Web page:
Press Release
Interagency Team Steps Up Efforts to Protect Grizzly Bear #399
Successful collaring enables better monitoring to reduce chance of human-bear conflicts
Media Contacts

DENVER - The U.S. Fish and Wildlife Service (USFWS), the National Park Service (NPS), and other agencies at the request of USFWS have partnered in an intensive effort to ensure the safety of grizzly bear #399 and her four yearlings and to mitigate further human-bear conflict. USFWS also thanks the Teton County Sheriff’s office for their support with public safety efforts.

Late yesterday, an interagency team successfully radio-collared two yearlings of grizzly bear #399 in order to better monitor the bears’ location and take steps to mitigate human-bear conflicts. After collaring, the two yearlings, along with a third that was not collared, were released together in the presence of #399 and the remaining yearling. These steps, including the use of hazing when appropriate, are being taken to prevent the need for further management actions to ensure the safety of the bears and to mitigate further human-bear conflict. In recent days there has been a significant increase in the frequency of the five bears lingering near human residences and accessing human sources of food, including apiculture beehives, unsecured animal feed, and garbage. The most common human-bear conflicts result from unsecured attractants and surprise encounters.

“The Service recognizes the high level of interest in grizzly bear #399, and we thank all of our partners for coming together to do what we can to ensure both the safety of the public as well as the safety of #399 and her yearlings from growing risks of human-bear conflict,” said Acting USFWS Regional Director Matt Hogan. “This preventive step will help us mitigate further conflicts to protect grizzly bear #399, her yearlings, and the public.”

Grizzly bears in the lower-48 states are listed as threatened under the Endangered Species Act (ESA). Management authority for grizzlies in Wyoming rests with the USFWS, working closely with NPS, Wyoming Game and Fish Department, and U.S. Forest Service. Each conflict situation is unique and requires input from staff on the ground, a thorough history of bear interactions and behavior, and close coordination with other federal, Tribal, state, and local agencies.

Even with this intensive interagency effort, residents and visitors have the ability to prevent conflicts and food conditioning from occurring. It is important that bears do not feel comfortable near human-occupied dwellings. If grizzly bear #399, or any other bears, are in a residential area, people can make loud noises, such as yelling or banging pots and pans, to make bears feel uncomfortable and help move them along.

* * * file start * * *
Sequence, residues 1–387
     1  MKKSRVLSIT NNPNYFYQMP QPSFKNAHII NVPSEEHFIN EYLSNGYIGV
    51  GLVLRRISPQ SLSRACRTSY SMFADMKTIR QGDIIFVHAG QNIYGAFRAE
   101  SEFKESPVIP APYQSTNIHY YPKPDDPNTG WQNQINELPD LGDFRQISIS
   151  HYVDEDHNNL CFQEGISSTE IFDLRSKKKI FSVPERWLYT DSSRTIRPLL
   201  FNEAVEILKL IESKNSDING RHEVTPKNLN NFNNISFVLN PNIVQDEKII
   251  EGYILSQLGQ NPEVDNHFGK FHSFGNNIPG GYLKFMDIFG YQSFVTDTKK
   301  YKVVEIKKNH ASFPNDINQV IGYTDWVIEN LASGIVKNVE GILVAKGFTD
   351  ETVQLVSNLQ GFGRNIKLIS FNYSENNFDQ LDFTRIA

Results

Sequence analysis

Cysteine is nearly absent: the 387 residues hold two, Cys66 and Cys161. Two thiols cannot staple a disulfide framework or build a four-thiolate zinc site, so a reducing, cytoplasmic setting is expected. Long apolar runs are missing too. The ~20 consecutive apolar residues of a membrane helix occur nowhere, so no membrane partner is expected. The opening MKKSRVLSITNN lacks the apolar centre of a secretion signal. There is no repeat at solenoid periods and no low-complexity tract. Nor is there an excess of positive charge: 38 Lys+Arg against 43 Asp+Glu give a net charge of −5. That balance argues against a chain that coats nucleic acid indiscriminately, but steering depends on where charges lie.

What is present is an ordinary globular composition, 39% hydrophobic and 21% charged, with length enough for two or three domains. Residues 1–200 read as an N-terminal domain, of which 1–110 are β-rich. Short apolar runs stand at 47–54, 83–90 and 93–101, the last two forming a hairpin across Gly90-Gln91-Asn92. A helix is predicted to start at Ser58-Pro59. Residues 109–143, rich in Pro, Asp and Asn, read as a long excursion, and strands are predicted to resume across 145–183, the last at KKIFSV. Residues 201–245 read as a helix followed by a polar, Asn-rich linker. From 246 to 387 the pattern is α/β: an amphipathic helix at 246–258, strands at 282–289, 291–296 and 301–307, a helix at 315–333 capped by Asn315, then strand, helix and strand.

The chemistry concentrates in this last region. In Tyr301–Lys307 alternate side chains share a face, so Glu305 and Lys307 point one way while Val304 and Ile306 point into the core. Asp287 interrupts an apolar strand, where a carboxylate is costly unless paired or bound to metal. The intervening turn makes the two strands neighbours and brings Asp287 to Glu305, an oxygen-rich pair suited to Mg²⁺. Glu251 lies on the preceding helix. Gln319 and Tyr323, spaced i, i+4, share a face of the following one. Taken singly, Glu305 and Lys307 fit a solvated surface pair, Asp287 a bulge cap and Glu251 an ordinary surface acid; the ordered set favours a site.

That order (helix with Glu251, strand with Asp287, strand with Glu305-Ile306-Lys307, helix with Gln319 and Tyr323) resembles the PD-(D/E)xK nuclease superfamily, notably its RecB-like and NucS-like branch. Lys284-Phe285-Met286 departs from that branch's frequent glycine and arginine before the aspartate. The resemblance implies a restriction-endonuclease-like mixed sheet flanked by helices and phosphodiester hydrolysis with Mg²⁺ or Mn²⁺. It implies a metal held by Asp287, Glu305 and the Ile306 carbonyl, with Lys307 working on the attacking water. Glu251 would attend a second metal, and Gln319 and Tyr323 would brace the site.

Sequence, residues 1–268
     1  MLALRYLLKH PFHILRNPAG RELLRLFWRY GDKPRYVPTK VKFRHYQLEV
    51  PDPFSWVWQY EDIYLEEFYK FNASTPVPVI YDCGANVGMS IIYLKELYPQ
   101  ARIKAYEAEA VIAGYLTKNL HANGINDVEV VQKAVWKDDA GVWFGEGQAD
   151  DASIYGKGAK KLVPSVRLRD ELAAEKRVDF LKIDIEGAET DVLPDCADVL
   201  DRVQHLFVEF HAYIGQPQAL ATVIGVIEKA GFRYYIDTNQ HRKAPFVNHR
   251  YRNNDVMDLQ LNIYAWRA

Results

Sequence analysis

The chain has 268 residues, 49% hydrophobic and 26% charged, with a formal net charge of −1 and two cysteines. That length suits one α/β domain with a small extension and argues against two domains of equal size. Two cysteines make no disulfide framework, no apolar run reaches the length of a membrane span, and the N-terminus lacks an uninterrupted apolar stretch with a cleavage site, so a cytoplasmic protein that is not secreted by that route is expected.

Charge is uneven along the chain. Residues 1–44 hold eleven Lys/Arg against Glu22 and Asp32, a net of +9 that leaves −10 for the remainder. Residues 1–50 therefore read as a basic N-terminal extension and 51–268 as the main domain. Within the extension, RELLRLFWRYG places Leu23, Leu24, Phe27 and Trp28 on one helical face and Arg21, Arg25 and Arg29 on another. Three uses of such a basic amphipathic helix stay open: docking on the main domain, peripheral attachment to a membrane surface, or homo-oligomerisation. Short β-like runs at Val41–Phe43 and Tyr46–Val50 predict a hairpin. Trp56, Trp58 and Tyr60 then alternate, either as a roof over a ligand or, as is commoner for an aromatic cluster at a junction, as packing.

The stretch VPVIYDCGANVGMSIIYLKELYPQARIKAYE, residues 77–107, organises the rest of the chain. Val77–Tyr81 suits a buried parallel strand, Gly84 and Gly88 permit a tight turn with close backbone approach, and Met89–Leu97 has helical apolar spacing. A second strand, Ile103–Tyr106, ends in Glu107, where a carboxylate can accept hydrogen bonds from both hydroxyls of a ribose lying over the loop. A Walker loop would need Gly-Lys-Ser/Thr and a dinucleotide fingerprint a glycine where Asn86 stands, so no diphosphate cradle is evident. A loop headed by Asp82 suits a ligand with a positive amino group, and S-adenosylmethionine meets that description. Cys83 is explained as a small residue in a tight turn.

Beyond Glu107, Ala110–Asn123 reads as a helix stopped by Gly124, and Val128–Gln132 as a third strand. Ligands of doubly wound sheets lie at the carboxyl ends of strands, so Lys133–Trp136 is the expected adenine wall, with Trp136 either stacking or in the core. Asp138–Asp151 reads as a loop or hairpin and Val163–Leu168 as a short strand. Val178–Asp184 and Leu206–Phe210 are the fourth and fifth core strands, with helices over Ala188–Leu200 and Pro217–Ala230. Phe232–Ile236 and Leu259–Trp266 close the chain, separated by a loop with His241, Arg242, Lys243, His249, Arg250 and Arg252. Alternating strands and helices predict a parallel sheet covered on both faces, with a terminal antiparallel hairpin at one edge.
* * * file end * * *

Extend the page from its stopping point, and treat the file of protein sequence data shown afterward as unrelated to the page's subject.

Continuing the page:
The public can make a difference in a bear’s life by doing its part to ensure bears never obtain food rewards, whether you call the Greater Yellowstone Ecosystem (GYE) home or are just passing through. Residents of local communities are encouraged to secure attractants around their homes and store all garbage within bear-resistant containers. Attractants include items with a scent, such as trash, livestock feed, compost, or beehives. Ensure bird feeders are at least ten feet up, and four feet out from any building. Avoid planting fruit trees. Help your neighbors create a bear-wise community to protect wildlife. It may be cliché; however, more often than not, “a fed bear is a dead bear.” Please do your part to protect bears like #399 and her yearlings, as well as the public.

For more information about keeping yourself and bears safe in bear country, please visit the Wyoming Bear Wise programGrand Teton NP Staying Safe in Bear County, or the Interagency Grizzly Bear Safety page.

The mission of the U.S. Fish and Wildlife Service is working with others to conserve, protect, and enhance fish, wildlife, plants, and their habitats for the continuing benefit of the American people. For more information on our work and the people who make it happen in the West, connect with us through any of these social media channels: FacebookTwitterFlickrYouTube, and Instagram.

Story Tags

Human-wildlife conflicts
Wildlife impacts
Wildlife management
Wildlife viewing